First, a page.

Bill Gates is often credited with the quote, “I will always choose a lazy person to do a difficult job because a lazy person will find an easy way to do it.”
It’s a great quote, but it came from Frank B. Gilbreth Sr. He studied the best and poorest bricklayers and stumbled on an astonishing fact; he could learn the most from the lazy man!
He noticed lazy workers eliminated unnecessary movement and reduced fatigue.
He also discovered that expert workers were the most wasteful of their motion and strength. They had the ability to produce a large quantity of good work, but they tired themselves out of all proportion to the amount of work they accomplished.
This is counter-intuitive to what we assume and expect!
Consider Tobias Lütke, CEO of the e-commerce platform Shopify. Difficult customers were consuming so much time that he got rid of them. Now he spends more time focusing on valuable customers. Lazy or smart?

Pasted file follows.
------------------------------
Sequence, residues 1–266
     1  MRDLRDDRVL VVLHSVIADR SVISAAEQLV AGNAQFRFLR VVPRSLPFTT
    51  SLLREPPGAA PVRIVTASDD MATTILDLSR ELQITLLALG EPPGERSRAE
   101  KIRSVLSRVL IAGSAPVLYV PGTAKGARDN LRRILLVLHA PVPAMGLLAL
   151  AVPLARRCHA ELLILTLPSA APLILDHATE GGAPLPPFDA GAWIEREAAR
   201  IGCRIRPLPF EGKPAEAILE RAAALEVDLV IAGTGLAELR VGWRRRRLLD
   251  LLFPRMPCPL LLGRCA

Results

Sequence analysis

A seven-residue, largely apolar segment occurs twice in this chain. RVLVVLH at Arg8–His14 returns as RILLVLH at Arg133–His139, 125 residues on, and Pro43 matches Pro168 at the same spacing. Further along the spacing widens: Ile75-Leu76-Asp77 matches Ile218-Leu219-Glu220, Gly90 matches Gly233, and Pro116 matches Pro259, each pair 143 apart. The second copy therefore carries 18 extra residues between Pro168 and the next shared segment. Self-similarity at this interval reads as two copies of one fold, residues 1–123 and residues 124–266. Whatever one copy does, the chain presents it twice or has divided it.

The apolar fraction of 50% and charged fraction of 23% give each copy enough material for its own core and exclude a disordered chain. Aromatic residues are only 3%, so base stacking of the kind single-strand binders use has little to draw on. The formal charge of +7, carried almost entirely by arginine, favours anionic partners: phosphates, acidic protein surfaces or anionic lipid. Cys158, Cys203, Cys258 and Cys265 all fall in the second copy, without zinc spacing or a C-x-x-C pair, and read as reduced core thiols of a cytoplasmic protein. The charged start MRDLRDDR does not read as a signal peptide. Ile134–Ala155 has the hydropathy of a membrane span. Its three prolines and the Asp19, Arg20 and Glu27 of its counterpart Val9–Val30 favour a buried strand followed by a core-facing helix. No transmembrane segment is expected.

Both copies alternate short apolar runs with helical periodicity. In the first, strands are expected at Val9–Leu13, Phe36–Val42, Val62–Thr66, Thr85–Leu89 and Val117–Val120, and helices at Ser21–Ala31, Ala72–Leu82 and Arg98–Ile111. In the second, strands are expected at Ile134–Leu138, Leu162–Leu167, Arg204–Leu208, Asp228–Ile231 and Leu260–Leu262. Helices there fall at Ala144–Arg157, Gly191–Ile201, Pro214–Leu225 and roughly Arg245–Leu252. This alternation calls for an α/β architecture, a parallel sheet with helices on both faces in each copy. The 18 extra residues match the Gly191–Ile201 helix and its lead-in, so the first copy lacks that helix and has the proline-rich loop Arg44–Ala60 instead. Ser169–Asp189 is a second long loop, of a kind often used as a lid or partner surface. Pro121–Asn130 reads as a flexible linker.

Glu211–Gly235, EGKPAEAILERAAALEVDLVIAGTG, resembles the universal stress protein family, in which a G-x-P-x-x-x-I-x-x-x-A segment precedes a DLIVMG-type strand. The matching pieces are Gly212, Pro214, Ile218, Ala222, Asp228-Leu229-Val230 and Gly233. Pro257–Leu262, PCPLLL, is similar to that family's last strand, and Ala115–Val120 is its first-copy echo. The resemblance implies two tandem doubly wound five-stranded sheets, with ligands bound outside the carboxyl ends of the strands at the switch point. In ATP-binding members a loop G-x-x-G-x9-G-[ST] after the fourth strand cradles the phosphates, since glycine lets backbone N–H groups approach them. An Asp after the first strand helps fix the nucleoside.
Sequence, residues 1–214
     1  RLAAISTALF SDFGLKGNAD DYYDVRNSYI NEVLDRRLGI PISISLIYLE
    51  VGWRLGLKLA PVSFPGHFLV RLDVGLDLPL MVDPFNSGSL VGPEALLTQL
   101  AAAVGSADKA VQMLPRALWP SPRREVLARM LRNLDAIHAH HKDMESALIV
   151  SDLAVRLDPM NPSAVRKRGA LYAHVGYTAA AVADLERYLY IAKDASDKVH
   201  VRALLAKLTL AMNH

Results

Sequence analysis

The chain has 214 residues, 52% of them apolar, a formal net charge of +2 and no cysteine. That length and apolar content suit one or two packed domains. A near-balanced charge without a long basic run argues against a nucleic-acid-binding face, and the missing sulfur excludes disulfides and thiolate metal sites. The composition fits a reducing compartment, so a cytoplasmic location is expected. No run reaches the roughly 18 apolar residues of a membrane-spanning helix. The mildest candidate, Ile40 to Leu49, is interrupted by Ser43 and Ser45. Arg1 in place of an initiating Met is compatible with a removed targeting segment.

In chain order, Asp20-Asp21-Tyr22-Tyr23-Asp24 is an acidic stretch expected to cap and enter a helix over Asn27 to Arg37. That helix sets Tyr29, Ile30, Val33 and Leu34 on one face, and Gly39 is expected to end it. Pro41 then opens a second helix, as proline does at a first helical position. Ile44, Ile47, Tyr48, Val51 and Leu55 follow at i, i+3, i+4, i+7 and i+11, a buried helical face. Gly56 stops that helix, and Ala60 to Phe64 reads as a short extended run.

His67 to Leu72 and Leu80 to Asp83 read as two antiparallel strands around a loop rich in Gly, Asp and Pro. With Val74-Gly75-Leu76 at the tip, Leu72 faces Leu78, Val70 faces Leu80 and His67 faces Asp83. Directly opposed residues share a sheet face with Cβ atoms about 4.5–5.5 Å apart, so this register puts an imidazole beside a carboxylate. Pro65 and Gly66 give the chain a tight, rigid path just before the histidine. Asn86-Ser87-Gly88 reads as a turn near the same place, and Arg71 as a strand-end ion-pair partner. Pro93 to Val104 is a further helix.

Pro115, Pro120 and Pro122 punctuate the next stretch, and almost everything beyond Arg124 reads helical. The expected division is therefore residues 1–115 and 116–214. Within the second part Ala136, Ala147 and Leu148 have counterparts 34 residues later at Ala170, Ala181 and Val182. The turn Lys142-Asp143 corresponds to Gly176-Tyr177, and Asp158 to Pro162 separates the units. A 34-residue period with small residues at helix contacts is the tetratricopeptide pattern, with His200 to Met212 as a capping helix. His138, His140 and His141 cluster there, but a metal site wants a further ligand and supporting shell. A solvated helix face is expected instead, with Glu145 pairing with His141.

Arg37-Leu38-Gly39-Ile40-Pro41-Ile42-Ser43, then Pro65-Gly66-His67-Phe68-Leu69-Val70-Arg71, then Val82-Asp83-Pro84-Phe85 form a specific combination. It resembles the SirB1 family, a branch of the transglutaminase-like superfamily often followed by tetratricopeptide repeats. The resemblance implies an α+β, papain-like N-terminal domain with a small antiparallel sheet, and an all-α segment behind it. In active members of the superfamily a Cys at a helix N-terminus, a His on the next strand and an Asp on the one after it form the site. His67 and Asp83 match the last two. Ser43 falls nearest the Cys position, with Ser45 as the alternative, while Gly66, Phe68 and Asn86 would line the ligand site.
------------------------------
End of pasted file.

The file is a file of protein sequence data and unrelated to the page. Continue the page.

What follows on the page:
Lazy people automate as much as possible. Rather than tweeting throughout the day, they use a service like TweetDeck to schedule their tweets.
Tim Ferriss, author of The 4-Hour Workweek, observed that to be truly productive we must check email only once a day and outsource the small, daily tasks to virtual assistants, focusing on those tasks that generate the largest return.
As you examine the way you work, are you lazy or just really good?
The road is easier together,